Alright, I’d like to wrap up my reading of Eugene Peterson’s A Long Obedience in the Same Direction: Discipleship in an Instant Society, with a brief summary of the epilogue that is included in the 20th anniversary edition, published in 2000. I enjoyed working through the book in the morning men’s groups at my church and posting thoughts on here as well.
The epilogue strikes me as written for pastors. That said, Peterson seems committed to speaking frankly about the experience of pastoral life with anyone who will listen, be they pastoral colleague or interested layperson.
Eugene Peterson describes his motivation in writing the book: “I was doing what pastors do–trying to get this gospel of Jesus Christ into the lives of these men and women with whom I was living, and doing it the only way I knew, through Scripture and prayer, prayer and Scripture.” (p. 201) In this endeavor, “Two convictions undergirded my pastoral work. The first conviction was that everything in the gospel is livable and that my pastoral task was to get it lived. (p. 201) …The second conviction was that my primary pastoral work had to do with Scripture and prayer.” (p. 202)
He reflects further on Scripture and prayer: “Scripture and prayer are not two separate entities. My pastoral work was to fuse them into a single act: scriptureprayer, or prayerscripture. It is this fusion of God speaking to us (Scripture) and our speaking to him (prayer) that the Holy Spirit uses to form the life of Christ in us. And it is this fusion that I was trying to get onto the pages of A Long Obedience.” (p. 202)
Peterson is serious about our following Jesus and “living out the gift of his life in detail in our bodies and circumstances” and so is interested in helping us work against the current of modern American culture that is self-centered and in which most if not all of life is self-referenced. What is of greatest importance is me. “The reading style employed more often than not by contemporary Christians is fast, reductive, information-gathering and, above all, practical. We read for what we can get our of it” rather than to encounter God, who might be more interested in getting something out of our reading and praying Scripture than he is in teaching us how to deal with a bad day. Certainly God speaks to us where we are, but much of modern Western Christianity seems stalled out at that initial point of contact and uninterested in moving beyond a milk-diet of faith and into solid foods.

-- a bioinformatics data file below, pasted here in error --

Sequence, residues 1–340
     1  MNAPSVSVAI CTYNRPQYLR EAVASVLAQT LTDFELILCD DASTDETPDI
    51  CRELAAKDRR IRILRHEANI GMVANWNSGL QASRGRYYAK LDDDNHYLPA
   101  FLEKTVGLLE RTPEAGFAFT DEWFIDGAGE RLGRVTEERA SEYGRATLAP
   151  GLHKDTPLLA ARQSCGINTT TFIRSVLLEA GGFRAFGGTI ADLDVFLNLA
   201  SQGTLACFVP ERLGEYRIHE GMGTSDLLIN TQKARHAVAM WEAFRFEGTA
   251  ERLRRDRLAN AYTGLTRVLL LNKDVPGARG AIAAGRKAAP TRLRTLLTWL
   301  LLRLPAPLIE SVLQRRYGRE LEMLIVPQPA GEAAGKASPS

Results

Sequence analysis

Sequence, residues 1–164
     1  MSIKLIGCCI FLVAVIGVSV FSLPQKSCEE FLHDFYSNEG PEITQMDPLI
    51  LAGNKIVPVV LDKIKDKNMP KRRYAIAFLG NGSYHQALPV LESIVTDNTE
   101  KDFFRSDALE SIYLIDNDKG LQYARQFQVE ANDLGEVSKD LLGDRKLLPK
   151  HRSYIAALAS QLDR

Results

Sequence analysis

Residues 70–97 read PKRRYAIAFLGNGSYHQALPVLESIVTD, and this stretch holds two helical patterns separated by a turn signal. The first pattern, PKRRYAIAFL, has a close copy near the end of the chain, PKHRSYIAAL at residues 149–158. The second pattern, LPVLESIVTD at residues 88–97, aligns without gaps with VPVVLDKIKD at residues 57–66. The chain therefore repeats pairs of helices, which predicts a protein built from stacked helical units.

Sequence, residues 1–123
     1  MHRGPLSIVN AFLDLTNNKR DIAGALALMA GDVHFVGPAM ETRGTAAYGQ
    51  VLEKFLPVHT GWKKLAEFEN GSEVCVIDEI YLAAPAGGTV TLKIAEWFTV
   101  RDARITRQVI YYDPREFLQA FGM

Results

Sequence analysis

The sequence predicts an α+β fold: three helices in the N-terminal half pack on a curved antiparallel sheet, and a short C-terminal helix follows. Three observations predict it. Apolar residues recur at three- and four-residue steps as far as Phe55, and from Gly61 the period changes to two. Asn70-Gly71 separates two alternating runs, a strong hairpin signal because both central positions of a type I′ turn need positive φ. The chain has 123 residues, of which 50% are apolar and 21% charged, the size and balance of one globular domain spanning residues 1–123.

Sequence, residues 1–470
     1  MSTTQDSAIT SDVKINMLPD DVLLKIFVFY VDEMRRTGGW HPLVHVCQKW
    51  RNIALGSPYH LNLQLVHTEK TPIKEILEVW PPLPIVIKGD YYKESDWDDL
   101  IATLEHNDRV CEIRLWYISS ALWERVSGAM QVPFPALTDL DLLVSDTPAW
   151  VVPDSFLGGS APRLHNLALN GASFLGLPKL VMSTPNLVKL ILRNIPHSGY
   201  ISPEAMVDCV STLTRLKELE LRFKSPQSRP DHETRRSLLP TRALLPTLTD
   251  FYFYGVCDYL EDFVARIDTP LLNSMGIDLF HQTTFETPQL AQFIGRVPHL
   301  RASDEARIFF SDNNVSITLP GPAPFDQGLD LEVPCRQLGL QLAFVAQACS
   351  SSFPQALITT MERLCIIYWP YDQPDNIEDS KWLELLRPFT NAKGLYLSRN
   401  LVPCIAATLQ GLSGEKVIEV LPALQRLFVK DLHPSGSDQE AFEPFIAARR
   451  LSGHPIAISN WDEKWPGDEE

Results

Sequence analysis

So Peterson offers a different way to read Scripture: “We…[read] our Scriptures slowly, imaginatively, prayerfully, and obediently. Each adverb is important.” I look at each briefly here.
1. Slowly. The depth and breadth of the strange and wonderful world of the Bible is simply too great to skim over. I would add for myself that I find a combination of reading relatively quickly (to feel the flow of the larger narrative of the Bible) and reading slowly in order to meditate on the Word. His point about reading slowly is quite helpful because truly hearing the message of the text requires practicing good listening skills, which almost always involves slowing down.
2. Imaginatively. This is what some folks nowadays–including myself–call “inhabiting the narrative of Scripture.” Peterson puts it this way: “We depersonalize the Bible into abstractions or ‘truths’ that we can reconfigure and then fit into the plots that we make up for our lives. …Imagination is the capacity we have of crossing boundaries of space and time, with all our senses intact, and entering into other, God-revealed conversations and actions, finding ourselves at home in Bible country.” (p. 205)
3. Prayerfully. This is the antithesis of Bible reading that is solely focused on learning information. Information can be quite useful, “but the Bible is not primarily a source of information; it is one of the primary ways that God uses to speak to us.” We call Scripture “God’s Word,” which is another way to allude to the fact that God’s voice speaks from the pages of Scripture to invite, call, promise, bless, confront, command, and heal us. (p. 205) “Bible reading is prayed reading.”
4. Obediently. James captures this when he implores his readers, “Do not merely listen to the word… Do what it says.” (James 1:22 TNIV) Again, Scripture is not about giving us information that we can make useful in our lives. Scripture’s aim is to form us in the likeness of Christ. This assumes and requires a much more robust experience of the Word, one that can only really happen when Scripture is not just read but practiced, lived. Peterson quoted John Calvin in one of these chapters as saying, “True knowledge of God is born out of obedience.” Scripture aims to reveal to us true knowledge of God. To hear Scripture well, obedience is a must.
Thanks again for sharing this journey; hope you’ve enjoyed it.